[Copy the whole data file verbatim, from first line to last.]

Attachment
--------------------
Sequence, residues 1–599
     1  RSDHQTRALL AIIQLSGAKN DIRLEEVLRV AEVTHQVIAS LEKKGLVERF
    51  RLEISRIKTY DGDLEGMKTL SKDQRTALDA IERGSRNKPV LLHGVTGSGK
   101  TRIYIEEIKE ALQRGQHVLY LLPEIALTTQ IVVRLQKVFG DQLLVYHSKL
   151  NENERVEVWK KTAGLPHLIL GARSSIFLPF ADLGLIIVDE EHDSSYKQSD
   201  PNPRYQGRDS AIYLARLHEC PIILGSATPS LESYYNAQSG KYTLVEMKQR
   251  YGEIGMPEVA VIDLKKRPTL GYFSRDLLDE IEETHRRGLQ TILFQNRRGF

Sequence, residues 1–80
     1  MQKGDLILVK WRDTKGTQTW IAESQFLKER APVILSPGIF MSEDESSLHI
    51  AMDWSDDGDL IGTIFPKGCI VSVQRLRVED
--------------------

Sequence, residues 1–599
     1  RSDHQTRALL AIIQLSGAKN DIRLEEVLRV AEVTHQVIAS LEKKGLVERF
    51  RLEISRIKTY DGDLEGMKTL SKDQRTALDA IERGSRNKPV LLHGVTGSGK
   101  TRIYIEEIKE ALQRGQHVLY LLPEIALTTQ IVVRLQKVFG DQLLVYHSKL
   151  NENERVEVWK KTAGLPHLIL GARSSIFLPF ADLGLIIVDE EHDSSYKQSD
   201  PNPRYQGRDS AIYLARLHEC PIILGSATPS LESYYNAQSG KYTLVEMKQR
   251  YGEIGMPEVA VIDLKKRPTL GYFSRDLLDE IEETHRRGLQ TILFQNRRGF

Sequence, residues 1–80
     1  MQKGDLILVK WRDTKGTQTW IAESQFLKER APVILSPGIF MSEDESSLHI
    51  AMDWSDDGDL IGTIFPKGCI VSVQRLRVED